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Article
January 21, 1983

Improvement of Dementia-Reply

Author Affiliations

The Johns Hopkins University School of Medicine Baltimore

JAMA. 1983;249(3):353-354. doi:10.1001/jama.1983.03330270023021
Abstract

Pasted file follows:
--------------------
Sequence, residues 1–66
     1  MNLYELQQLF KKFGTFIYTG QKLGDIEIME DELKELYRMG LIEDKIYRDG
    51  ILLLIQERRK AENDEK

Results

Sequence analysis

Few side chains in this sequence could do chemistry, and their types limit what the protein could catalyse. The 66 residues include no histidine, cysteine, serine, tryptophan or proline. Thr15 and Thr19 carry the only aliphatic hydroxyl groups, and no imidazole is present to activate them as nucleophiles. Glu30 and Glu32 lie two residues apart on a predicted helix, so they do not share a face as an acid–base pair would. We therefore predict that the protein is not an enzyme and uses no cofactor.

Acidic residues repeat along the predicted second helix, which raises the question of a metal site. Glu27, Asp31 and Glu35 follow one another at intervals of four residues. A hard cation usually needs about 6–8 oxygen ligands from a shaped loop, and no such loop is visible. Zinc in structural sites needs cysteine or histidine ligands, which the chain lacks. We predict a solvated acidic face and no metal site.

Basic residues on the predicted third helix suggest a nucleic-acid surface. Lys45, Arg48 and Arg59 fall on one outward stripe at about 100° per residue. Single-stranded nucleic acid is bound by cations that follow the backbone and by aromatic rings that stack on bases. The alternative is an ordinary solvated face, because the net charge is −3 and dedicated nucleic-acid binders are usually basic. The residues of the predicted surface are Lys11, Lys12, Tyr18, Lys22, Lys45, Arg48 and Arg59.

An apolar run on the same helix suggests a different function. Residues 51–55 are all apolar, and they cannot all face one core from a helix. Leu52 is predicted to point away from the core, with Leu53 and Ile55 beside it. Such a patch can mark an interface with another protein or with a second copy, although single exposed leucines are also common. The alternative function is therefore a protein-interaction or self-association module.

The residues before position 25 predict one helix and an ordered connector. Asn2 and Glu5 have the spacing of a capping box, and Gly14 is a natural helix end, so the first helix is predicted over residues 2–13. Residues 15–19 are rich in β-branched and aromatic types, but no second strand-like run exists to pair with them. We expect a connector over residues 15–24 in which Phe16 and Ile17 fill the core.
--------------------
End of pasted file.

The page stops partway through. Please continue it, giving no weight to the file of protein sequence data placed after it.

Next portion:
In Reply.—  We thank Dr Walsh for his comments and note that he has long been interested in the care of demented patients and their families. We would disagree, however, with his recommendations regarding the use of anticoagulants in demented patients. His study1 showed that two thirds of a group of patients whose conditions were diagnosed as demented improved after two years of treatment with warfarin sodium. However, there was no control group, and judgments about treatment response were not blind. Since the term dementia refers to a number of illnesses, many of which have variable courses, a controlled study is necessary. Furthermore, the most common dementing illness, Alzheimer's disease, is not associated with vascular abnormalities.2 Thus, a therapeutic effect in patients with Alzheimer's disease seems unlikely.We also believe that there are possible risks involved in anticoagulating patients with dementia because they are prone to fall. The

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